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NAHB logo National Association of Home Builders
January 17, 2013
David Crowe
NAHB Chief Economist
Eye on the Economy
Housing Starts End 2012 on a High Note

The year 2012 was a promising one for housing. With consistent improvements in housing construction and prices, home building is once again contributing to economic growth. And the December housing starts report capped off the year with confirmation of these trends.

Per Census data, solid gains in both single-family and multifamily production resulted in nationwide housing starts rising 12.1% to a seasonally adjusted annual rate of 954,000 units: the highest level of new home production since June 2008. Single-family starts rose 8.1% to a seasonally adjusted annual rate of 616,000 units in December, while multifamily production jumped 23.1%, to 338,000 units.

Combined single-family and multifamily starts activity was up across all regions in December. The Northeast posted a gain of 21.4%, the Midwest was up 24.7%, the South posted a 3.8% increase and the West was up 18.7%.

Permit issuance, which can be a harbinger of future building activity, held virtually steady at a 903,000-unit rate in December. Single-family permits rose for a fourth consecutive month, by 1.8% to 578,000 units while multifamily permits declined 2.1% to 325,000 units.

As an aside, according to data from the Census Bureau, the market share of single-family homes built for rent stands at 5.1% for the third quarter of 2012. This is only slightly lower than the recent peak of 5.35% set at the beginning of 2011, and is considerably higher than the 20-year average of 2.7% But clearly there has been an increase in single-family activity with an eye toward demand for rental purposes.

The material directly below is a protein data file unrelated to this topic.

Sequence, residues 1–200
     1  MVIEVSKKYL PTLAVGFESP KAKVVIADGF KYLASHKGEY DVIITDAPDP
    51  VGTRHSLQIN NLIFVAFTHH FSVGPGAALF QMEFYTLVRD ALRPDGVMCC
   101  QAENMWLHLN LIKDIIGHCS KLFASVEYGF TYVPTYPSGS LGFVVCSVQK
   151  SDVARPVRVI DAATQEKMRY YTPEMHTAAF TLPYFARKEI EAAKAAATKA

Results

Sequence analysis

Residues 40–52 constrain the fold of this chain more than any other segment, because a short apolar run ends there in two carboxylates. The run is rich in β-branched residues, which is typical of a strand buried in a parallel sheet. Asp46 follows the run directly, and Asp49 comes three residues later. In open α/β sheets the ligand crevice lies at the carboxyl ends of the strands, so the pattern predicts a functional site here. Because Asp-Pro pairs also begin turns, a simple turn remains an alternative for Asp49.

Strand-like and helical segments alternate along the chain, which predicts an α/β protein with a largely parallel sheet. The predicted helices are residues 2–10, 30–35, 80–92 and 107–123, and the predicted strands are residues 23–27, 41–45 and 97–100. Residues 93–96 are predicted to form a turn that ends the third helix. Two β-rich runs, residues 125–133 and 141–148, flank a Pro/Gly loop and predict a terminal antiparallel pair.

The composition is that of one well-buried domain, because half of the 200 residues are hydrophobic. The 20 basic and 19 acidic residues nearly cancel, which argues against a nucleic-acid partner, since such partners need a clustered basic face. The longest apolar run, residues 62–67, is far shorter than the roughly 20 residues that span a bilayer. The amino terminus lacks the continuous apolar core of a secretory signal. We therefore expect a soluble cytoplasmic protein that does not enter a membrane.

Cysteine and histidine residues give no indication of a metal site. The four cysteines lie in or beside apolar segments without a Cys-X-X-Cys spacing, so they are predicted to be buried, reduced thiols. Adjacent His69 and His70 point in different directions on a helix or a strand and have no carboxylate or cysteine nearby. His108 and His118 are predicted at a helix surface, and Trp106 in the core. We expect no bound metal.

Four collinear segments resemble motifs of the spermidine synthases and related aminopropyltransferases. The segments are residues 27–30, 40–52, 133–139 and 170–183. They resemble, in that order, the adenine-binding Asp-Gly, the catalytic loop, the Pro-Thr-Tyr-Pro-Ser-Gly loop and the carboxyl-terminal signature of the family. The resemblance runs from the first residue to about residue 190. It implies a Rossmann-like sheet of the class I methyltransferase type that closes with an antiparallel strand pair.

The December increase is consistent with the upward path of builder confidence over the last few months, as measured by the NAHB/Wells Fargo Housing Market Index (HMI). The index held steady at a level of 47 in January, after increasing from 25 to its current level over the course of 2012. The January reading represents a pause in builder confidence and is perhaps related to policy uncertainty in the wake of the fiscal cliff debate and the impending decisions regarding big-picture issues like tax reform and the future of the housing finance system.

Nonetheless, the economic improvements witnessed in 2012 – at least compared to the terrible years that preceded it – manifested themselves in ongoing good news for housing. For the January reading, the NAHB/First American Improving Markets Index increased to 242, adding a net 41 more markets to the 201 in December. The total represents two-thirds of all the eligible metropolitan areas. All but two states have at least one metro on the list (Wyoming and New Mexico).  A metropolitan area makes the IMI list if three indicators of economic and housing health improve for at least six months: single-family housing permits, employment and home prices.